When I came to the Cave Troll, however, everything suddenly fell into place.

When writing up this review, I tried to find like-for-like sprues for all the figures in the set on the Games Workshop webstore. The Moria Goblins and the Fellowship were easy enough to come across, but I could find neither hide nor hair of the Cave Troll

Lord of the Rings The Fellowship of the Ring Battle in Balin's Tomb Review Cave Troll
nasty gaps and join lines galore – this is clearly a model from a former era.

I widened my search to the whole of the internet, but no matter how hard I tried, I couldn’t find an individual listing of the Cave Troll that comes in Battle in Balin’s Tomb anywhere on the internet.

However, a fair scroll into a Google image search, I noticed an image of a painted Cave Troll that matched the one in this set on an independent, long-since abandoned blog from 2005.

This led me to the The Lord of the Rings: The Mines of Moria set, which came out in the same year.

The Battle in Balin’s Tomb set is a near-carbon copy of the 2005 set, including all the same sprues aside from the terrain, which you can still buy. The literature is different, and there are cards, tokens and dice in this one, but as far as the miniatures go, it is the The Mines of Moria set.

The Cave Troll itself isn’t a great miniature. It’s covered in gaps between its components, and getting the hammer-holding hand to actually fit onto the wrist was strangely difficult. But now we know he’s from 2005, we know why. He’s seventeen years old!

How to Play LOTR: Battle in Balin’s Tomb

Battle in Balin’s Tomb is an extremely easy game to pick up and play. We’ll go through an entire game now to give readers the opportunity to see just how straightforward the game is.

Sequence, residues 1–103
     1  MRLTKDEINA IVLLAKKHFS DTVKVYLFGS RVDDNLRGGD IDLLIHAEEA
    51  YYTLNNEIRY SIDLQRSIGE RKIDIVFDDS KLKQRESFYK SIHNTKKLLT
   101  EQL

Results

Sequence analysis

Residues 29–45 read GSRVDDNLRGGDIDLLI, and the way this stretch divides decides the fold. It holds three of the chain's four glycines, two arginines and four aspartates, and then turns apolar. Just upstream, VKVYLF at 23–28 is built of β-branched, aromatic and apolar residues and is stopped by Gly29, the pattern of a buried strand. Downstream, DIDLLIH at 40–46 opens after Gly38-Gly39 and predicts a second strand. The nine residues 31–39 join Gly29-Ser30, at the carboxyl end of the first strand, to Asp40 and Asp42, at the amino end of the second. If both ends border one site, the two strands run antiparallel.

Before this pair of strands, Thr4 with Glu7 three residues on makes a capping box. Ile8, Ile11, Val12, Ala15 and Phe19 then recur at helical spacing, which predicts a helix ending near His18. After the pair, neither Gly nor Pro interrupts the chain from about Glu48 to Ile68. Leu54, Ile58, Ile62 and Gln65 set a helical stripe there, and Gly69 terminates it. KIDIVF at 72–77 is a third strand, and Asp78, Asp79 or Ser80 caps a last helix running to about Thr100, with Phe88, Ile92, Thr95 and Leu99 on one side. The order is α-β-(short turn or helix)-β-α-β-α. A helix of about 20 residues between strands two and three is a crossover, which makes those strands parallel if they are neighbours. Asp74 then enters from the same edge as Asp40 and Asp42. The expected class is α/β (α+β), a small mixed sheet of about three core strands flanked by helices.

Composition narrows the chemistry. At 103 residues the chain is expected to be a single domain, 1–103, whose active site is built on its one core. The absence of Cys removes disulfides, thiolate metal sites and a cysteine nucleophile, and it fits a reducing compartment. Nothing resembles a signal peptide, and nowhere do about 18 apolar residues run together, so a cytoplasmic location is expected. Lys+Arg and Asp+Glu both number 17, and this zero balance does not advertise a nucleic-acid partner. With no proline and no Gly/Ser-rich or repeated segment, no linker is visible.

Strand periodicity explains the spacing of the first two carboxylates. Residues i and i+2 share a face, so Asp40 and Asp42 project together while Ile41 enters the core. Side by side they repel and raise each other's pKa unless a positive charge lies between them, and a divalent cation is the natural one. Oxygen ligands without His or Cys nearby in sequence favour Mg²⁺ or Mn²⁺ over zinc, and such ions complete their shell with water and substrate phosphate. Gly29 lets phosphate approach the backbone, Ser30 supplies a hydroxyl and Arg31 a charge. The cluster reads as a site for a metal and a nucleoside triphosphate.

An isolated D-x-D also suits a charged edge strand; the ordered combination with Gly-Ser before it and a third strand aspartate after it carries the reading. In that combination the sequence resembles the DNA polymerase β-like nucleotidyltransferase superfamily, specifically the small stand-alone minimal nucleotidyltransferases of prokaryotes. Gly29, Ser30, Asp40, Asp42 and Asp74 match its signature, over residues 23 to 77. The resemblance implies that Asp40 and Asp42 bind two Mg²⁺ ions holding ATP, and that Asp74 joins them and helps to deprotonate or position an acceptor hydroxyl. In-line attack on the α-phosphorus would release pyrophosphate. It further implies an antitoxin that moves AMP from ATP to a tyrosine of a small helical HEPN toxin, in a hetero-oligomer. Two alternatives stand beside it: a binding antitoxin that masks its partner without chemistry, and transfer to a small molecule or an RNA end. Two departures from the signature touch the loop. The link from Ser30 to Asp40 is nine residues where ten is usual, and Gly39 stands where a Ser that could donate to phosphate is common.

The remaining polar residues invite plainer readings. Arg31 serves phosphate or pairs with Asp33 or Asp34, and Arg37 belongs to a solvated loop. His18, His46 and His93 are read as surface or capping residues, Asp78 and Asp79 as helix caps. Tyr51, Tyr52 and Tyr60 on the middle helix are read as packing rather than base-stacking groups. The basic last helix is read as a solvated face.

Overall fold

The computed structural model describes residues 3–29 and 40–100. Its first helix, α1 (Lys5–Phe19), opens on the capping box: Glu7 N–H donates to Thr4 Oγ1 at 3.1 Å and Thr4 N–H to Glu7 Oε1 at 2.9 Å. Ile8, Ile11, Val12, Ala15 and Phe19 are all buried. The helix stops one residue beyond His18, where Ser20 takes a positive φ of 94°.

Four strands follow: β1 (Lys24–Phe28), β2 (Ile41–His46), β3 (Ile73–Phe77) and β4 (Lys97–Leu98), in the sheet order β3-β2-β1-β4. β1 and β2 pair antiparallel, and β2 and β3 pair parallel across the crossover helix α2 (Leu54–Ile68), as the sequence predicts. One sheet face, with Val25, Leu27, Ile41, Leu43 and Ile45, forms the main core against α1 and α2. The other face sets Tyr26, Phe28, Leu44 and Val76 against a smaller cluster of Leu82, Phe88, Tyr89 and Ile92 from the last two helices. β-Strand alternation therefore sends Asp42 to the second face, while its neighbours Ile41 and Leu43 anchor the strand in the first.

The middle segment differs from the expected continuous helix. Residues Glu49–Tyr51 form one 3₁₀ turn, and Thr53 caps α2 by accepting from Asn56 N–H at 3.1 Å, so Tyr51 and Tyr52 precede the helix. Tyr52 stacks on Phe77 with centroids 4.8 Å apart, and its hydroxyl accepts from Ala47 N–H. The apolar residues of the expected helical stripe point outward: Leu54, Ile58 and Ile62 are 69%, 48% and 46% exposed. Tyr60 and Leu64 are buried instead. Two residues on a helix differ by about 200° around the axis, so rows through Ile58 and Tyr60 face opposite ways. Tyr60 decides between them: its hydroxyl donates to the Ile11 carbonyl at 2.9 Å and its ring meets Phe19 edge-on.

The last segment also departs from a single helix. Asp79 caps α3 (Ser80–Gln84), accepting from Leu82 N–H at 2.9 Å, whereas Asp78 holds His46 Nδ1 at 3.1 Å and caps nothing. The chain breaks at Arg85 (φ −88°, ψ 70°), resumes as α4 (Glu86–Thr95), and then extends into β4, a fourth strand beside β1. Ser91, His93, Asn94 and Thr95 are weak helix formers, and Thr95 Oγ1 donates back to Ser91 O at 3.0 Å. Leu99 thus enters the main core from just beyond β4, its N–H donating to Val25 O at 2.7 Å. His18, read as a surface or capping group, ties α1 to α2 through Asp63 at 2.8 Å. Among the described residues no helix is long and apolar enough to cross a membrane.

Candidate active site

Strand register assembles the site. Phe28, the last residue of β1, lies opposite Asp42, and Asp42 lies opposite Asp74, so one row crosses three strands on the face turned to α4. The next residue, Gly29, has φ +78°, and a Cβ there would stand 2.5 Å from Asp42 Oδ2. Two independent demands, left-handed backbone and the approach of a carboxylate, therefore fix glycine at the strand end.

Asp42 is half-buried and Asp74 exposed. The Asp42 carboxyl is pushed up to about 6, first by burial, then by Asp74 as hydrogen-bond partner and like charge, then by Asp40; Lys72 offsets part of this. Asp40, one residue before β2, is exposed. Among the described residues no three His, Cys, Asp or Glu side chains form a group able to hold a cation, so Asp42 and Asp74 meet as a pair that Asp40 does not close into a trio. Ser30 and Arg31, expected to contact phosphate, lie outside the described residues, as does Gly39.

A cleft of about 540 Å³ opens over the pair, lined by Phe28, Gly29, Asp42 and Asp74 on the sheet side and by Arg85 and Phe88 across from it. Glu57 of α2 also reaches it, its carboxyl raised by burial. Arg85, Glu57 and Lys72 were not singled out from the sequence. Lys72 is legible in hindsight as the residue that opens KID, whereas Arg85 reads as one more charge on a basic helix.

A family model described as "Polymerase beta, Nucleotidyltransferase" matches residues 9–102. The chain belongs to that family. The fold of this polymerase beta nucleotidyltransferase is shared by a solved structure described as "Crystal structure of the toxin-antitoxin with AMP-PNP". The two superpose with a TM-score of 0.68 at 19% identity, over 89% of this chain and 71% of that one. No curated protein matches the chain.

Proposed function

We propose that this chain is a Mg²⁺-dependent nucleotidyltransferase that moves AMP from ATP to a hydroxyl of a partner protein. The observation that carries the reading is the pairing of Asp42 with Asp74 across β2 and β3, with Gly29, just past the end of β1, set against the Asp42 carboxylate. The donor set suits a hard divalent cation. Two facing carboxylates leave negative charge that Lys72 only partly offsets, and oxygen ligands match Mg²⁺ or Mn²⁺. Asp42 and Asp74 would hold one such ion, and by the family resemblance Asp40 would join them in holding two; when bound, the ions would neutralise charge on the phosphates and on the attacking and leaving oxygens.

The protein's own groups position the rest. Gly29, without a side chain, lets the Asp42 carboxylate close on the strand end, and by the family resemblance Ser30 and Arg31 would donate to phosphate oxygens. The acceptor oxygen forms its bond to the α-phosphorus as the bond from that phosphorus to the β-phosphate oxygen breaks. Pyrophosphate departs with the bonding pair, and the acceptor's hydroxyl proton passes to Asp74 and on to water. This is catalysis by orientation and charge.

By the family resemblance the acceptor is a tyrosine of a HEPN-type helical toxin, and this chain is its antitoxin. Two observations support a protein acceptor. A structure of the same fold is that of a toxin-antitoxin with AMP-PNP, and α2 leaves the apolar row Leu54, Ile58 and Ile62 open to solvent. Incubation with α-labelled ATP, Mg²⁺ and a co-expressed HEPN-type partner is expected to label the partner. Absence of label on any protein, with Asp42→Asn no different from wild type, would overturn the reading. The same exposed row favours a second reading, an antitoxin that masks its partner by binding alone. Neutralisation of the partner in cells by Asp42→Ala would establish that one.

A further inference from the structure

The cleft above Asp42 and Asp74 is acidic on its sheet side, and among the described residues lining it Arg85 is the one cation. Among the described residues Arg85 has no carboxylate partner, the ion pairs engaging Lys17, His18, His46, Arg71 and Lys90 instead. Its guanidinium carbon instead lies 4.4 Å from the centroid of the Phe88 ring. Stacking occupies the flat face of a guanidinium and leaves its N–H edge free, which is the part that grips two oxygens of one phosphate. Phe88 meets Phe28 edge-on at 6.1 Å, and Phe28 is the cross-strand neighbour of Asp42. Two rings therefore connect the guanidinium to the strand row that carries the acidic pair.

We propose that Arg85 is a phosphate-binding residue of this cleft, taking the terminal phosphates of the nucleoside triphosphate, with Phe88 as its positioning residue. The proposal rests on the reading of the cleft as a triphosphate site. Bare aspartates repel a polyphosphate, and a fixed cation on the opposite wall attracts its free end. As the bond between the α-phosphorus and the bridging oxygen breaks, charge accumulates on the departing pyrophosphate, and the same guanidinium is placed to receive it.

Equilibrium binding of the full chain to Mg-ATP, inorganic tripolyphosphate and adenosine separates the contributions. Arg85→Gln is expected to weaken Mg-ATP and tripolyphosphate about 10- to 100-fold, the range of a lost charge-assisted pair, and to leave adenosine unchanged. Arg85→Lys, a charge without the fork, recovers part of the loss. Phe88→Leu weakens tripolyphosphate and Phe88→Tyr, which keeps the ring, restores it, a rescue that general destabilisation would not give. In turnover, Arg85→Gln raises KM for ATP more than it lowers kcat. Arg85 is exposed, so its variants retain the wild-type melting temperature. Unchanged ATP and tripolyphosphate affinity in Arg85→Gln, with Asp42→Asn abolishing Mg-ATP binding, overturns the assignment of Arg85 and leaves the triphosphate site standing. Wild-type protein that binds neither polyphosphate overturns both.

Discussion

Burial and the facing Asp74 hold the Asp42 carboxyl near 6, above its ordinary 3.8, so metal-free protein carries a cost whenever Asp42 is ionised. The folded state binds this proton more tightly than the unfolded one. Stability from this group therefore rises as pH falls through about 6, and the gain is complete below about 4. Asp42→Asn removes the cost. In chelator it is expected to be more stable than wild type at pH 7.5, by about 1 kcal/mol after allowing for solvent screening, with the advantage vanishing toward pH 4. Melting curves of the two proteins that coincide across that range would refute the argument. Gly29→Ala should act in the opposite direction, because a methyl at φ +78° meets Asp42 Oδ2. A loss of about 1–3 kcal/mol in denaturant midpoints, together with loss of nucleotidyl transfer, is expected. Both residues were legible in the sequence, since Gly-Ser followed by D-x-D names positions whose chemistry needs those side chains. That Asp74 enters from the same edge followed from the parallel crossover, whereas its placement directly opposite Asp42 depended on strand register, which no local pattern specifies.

The game is designed to be played quickly across 12 turns. Each turn begins with the Goblin player drawing a specified number of cards from the Goblin Deck and then moving and then activating each of their models in turn. Once the Goblin player is done, the Fellowship get the chance to fight back. And that’s it.

The aim is simple: for the Fellowship, it is to survive; for the Goblins, it is to eradicate the trespassers who have wandered into the fallen Dwarven kingdom. The detailed victory conditions are as follows:

  • The Fellowship win if by the end of turn 12 there are three or more members of the Fellowship, including Frodo Baggins, undefeated.
  • If by the end of turn 12, there are three or more members of the Fellowship alive, but Frodo Baggins has been removed from the board, the game is a draw.
  • The Goblin player wins if there are less than three members of the Fellowship remaining at the end of turn 12.

Set Up

The game is very easy to set up. First, all the Fellowship pieces need to be placed on set positions on the board – exactly where the figures would be standing in the film.

Then, the Goblin player places any nine Goblins of their choice on any of the red-coloured squares on the Board.

Battle in Balin's Tomb Playesting 1

The Goblin Player must then remove the They Have a Cave Troll card from the Goblin Deck and shuffle it. Once the Goblin Deck has been shuffled, draw 6 cards from it and place them face-down. They must then place the They Have a Cave Troll card into the undrawn pile and shuffle it again before placing this pile face-down on top of the other pile. This is now the deck from which the Goblin player will draw a specified number of cards at the start of each turn.

With that done, the game is ready to begin.

Turn 1

“Kilmin malur ni zaram kalil ra narag. Kheled-zâram… Balin tazlifi.”